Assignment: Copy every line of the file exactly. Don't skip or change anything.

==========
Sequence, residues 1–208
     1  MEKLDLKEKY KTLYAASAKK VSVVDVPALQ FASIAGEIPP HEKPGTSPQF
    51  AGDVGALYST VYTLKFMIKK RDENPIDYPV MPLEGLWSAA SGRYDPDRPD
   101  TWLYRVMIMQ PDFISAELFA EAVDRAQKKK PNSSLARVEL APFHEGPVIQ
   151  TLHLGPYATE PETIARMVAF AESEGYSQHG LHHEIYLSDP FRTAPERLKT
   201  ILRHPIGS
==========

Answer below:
Sequence, residues 1–208
     1  MEKLDLKEKY KTLYAASAKK VSVVDVPALQ FASIAGEIPP HEKPGTSPQF
    51  AGDVGALYST VYTLKFMIKK RDENPIDYPV MPLEGLWSAA SGRYDPDRPD
   101  TWLYRVMIMQ PDFISAELFA EAVDRAQKKK PNSSLARVEL APFHEGPVIQ
   151  TLHLGPYATE PETIARMVAF AESEGYSQHG LHHEIYLSDP FRTAPERLKT
   201  ILRHPIGS